So they start digging. Some blame Putin, some Chubais, some Berezovsky. Journalists write defamatory articles about one today, the other tomorrow. The better educated journalists criticize the legal system. The right-wing journalists criticize the political system, saying there are no real liberties, no real democracy - what we have is a “managed democracy”. The ill-luck Mr. Cherepkov is removed from the ballot again – three days before the gubernatorial elections in Primorsky Krai. The radio station Echo of Moscow condemns the President’s office. The left-wing journalists attack the oligarchs and - more and more often - the President himself, for dashing their expectations. They expected him to be better than Yeltsin, and he turned out to be the same, if not worse.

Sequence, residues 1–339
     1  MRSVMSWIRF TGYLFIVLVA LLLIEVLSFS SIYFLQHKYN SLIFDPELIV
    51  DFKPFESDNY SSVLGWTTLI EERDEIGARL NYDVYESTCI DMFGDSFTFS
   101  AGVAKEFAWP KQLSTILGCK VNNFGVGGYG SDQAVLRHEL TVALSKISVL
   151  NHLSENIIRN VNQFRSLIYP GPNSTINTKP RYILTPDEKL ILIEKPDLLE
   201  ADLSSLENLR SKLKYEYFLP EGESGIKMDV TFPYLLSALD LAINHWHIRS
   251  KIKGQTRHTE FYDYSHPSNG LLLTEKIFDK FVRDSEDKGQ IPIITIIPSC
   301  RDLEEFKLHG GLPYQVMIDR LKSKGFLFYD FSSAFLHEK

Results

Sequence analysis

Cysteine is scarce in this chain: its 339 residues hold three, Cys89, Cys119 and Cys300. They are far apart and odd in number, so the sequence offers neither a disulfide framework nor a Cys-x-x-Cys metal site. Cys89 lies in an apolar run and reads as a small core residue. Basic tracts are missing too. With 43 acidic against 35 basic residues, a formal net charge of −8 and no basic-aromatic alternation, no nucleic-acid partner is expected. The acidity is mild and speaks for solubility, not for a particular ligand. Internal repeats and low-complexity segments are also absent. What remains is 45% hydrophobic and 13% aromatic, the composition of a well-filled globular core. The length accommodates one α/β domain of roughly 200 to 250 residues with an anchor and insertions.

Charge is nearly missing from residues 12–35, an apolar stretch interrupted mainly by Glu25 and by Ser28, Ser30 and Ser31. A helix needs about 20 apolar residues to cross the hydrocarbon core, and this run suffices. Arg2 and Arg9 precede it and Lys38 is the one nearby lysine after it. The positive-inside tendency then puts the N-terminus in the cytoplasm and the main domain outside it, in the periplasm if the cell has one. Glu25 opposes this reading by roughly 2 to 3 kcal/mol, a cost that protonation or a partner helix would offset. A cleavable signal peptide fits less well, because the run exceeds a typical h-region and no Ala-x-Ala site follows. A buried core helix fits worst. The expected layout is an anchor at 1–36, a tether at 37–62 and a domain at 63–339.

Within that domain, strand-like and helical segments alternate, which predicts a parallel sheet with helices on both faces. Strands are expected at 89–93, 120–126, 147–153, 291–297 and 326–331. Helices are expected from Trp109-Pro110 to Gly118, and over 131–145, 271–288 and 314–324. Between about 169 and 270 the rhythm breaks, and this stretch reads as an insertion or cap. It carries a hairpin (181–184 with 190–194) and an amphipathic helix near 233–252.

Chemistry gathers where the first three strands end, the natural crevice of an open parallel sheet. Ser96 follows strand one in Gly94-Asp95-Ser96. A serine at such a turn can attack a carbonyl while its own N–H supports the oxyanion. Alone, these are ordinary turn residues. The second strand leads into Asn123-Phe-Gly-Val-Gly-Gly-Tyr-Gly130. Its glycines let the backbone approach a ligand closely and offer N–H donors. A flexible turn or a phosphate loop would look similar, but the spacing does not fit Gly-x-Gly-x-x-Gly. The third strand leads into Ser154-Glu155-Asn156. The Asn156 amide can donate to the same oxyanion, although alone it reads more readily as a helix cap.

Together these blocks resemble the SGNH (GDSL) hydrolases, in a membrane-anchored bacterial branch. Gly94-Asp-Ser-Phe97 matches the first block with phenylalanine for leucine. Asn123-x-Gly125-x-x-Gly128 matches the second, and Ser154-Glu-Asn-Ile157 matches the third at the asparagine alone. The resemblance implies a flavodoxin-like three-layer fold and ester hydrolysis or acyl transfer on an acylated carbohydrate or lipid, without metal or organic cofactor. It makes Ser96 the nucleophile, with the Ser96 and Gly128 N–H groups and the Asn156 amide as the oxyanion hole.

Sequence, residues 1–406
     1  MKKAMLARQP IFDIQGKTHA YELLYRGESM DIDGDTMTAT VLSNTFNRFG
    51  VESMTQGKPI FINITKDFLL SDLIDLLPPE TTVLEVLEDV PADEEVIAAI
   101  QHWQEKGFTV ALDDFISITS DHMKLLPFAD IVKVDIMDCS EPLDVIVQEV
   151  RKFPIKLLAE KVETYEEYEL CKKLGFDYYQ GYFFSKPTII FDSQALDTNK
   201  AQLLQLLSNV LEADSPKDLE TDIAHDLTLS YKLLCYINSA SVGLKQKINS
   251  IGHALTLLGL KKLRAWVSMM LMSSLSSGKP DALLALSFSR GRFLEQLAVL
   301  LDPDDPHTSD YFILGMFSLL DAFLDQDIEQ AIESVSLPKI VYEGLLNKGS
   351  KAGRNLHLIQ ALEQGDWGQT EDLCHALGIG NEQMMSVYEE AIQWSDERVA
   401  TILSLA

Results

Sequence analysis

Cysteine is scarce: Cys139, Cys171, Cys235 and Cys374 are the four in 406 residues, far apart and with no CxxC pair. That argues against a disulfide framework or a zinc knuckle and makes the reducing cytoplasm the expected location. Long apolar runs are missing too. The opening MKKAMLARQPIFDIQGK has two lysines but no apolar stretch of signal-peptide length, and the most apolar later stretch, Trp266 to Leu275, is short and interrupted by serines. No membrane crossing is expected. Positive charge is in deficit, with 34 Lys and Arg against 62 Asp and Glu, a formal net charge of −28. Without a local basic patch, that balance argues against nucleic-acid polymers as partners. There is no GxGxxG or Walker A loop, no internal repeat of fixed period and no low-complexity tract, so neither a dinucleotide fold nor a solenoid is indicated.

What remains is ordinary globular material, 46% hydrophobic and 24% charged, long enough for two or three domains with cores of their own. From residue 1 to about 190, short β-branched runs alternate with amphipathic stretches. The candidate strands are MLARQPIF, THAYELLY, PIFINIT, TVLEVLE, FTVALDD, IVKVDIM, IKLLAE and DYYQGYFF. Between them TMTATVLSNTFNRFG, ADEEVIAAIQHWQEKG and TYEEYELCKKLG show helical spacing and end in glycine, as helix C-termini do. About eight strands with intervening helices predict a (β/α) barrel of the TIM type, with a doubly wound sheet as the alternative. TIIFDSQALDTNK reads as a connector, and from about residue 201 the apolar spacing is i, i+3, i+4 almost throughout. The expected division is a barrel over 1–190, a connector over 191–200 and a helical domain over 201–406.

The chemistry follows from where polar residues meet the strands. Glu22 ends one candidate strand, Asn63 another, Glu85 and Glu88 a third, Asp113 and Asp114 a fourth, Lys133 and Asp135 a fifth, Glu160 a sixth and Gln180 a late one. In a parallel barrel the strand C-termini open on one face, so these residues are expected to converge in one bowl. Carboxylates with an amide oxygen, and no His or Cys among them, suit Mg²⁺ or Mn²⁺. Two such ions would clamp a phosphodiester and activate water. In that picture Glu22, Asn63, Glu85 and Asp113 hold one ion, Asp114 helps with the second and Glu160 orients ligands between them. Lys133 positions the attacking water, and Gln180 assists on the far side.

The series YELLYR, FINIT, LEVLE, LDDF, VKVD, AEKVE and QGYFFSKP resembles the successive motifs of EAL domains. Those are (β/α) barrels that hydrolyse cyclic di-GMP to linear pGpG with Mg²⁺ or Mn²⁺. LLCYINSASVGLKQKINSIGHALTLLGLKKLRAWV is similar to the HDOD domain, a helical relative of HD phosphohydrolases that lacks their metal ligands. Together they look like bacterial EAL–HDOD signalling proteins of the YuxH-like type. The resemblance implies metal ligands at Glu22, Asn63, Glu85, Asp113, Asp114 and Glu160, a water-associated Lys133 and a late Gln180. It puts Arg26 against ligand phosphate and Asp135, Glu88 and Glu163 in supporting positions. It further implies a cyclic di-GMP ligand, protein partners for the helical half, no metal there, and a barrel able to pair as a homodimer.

I have no dice with the journalists. Their professional duty is to respond to current goings-on. They all have to write about something, especially since the current misfortunes usually do involve concrete persons.       But I still can’t get used to similar nonsense being spouted by scholars and analytics, people who are supposed to dig deep and uncover the fundamental sources of the current tragedy. I am no less amazed at the political leaders who, just like the journalists, blame the crisis on concrete persons (Putin, Voloshin, Vyakhirev, Gref, etc.). Or else they pontificate quite seriously on the imperfections of the laws and the legislative branch. The kids from SPS (The Union of Right-Wing Forces) are fixated on the issue of private ownership of land. The Yabloko party is gaga about the imperfections of democracy and the fiscal system. The so-called Communists only care about the social services sphere.